Side of Flavor
East Street’s Evolution Embraces Many Dining Options and Styles
East Coast towns, like Frederick, built enterprise districts at their eastern edges during the Industrial Revolution, exploiting westerly winds to sweep smells and smoke out of town. Frederick’s aptly named East Street once boasted tanneries, canneries, mills and factories. Then interstate highways, new distribution networks and a tech revolution changed demand for industrial space, pulling heavy industry away from urban locations. Cities scrambled to fill gaps or face a rim of brick-and-metal skeletons where thriving businesses once stood.
In 2002, the City of Frederick published a Small Area Plan for East Street, noting comparative success stories that focus on mixed and diversified land-use strategies to boost an area’s adaptability. The plan helps guide development in the corridor and recognizes East Street’s role in a range of redevelopment initiatives and public space improvements.
Research also poses that authentic historic character and diverse architecture contribute to a city’s perceived “richness”—two things Frederick has in spades. The sweet spot is finding adaptive uses for properties to preserve both history and productivity. Cities must play a long game, but highlights are coming to fruition. Envisioned as a gateway to Downtown, East Street now links easy access to I-70 with a MARC train station, the Frederick Visitor Center and plenty of retail and dining options.
Richard Griffin, the city’s director of Economic Development, quickly clarifies that East Frederick is still alive with industry. There is Uncle Ralph’s Cookies, McCutcheon’s Apple Products, FoodPRO Corporation (the Washington, D.C., area’s largest independent food broker), Dairy Maid Dairy and Saputo Dairy Foods. These stand among electronics manufacturers, converted industrial-chic office buildings, craft breweries/ distilleries and an evolving variety of restaurants.
Looking ahead Griffin says, “We know that people are attracted to authentic neighborhood destinations and East Street has a unique vibe.” Dining options are a proven draw in emerging neighborhoods, luring residents from their homes and visitors from afar. Griffin nods to the community’s earliest champion. “The real pioneer of East Street was Bert Anderson. Back when that side of town didn’t have a lot going on, he cobbled together dozens of properties and renovated them. … He led the way.”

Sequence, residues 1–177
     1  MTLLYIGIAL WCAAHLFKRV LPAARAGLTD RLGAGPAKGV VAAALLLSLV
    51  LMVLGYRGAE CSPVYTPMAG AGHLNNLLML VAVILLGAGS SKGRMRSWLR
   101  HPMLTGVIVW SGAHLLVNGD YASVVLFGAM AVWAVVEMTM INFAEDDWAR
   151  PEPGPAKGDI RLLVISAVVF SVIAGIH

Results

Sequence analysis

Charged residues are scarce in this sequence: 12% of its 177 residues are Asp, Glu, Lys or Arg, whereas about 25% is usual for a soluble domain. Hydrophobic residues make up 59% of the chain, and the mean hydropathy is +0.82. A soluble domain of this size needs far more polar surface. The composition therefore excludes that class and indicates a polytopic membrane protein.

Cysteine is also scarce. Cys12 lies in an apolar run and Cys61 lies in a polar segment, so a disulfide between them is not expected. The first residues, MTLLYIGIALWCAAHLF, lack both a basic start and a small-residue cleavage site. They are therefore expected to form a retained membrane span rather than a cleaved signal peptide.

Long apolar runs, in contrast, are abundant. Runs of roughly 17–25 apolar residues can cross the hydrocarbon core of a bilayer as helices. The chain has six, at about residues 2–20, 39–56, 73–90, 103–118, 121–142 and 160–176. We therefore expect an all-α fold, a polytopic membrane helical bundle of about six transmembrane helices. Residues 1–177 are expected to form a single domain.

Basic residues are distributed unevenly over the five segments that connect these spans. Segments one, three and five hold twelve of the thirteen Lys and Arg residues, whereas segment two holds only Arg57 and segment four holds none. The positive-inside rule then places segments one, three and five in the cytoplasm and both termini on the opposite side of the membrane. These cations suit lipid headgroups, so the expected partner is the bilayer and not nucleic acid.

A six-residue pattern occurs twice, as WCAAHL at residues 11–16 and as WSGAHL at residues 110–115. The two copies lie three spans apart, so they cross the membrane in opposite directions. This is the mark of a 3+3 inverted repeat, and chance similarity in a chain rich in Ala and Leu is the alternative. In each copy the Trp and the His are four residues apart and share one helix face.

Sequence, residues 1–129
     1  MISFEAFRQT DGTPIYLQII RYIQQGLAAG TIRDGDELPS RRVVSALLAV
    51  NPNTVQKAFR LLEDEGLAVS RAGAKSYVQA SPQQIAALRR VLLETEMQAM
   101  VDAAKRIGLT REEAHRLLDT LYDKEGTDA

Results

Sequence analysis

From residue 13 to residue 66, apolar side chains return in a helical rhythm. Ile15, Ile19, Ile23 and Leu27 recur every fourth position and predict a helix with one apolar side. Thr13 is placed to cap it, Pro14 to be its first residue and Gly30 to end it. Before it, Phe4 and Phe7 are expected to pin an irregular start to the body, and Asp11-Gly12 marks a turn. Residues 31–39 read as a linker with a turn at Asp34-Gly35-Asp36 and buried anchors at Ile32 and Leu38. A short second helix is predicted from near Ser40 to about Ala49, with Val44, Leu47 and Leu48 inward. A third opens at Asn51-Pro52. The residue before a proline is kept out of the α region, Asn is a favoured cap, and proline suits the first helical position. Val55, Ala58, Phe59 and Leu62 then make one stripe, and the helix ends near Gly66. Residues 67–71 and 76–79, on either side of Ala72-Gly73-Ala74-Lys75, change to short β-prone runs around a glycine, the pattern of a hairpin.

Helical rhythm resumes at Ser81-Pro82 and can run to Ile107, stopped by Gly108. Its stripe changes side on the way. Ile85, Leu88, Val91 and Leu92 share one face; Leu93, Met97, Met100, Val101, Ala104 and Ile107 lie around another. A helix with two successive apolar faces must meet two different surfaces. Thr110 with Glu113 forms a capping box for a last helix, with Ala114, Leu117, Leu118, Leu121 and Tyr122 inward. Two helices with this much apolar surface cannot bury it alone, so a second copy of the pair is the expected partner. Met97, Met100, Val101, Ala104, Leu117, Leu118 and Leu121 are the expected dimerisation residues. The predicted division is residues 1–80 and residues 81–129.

Anderson’s efforts in the 1970s and ’80s transformed two blocks of condemned 18th-century homes and a kitchenware factory into Everedy Square and Shab Row. The complex now boasts more than 30 specialty shops, eateries and services, including plenty of Frederick Magazine’s Best of Frederick winners over the years.
Up the street, Pistarro’s Ristorante features Napoli-style pizza, flash-baked in a volcanic clay oven. Toppings range from house-made mozzarella and tomatoes from San Marzano, Italy, to playful pairings of Gorgonzola, potato and fig. Match with wood-roasted olives, imported salami and cheese or choose among dishes of tender meatballs, pasta and salads. The short span between Pistarro’s and Everedy Square is loaded with delectable treats. There are creatively crafted vegan donuts and more at Glory Dough & Diner, Angelcakes’ cupcake heaven, the certified 100-percent gluten-free stylings of Sanctuary Modern Kitchen, including grab-and-go frozen meals, and Stone Hearth Bakery.
The Winder Company operates four foodie havens here. Their Frederick Fudge & Ice Cream offers indulgent sweets, while the Shab Row Tea Emporium stocks an array of gourmet brew-at-home teas and accoutrements. The Winders’ Frederick Coffee Company & Café is a gathering place where hearty eats complement fortifying brews, with an appealing aesthetic featuring a terra-cotta awning and a colorful history as a former gas station.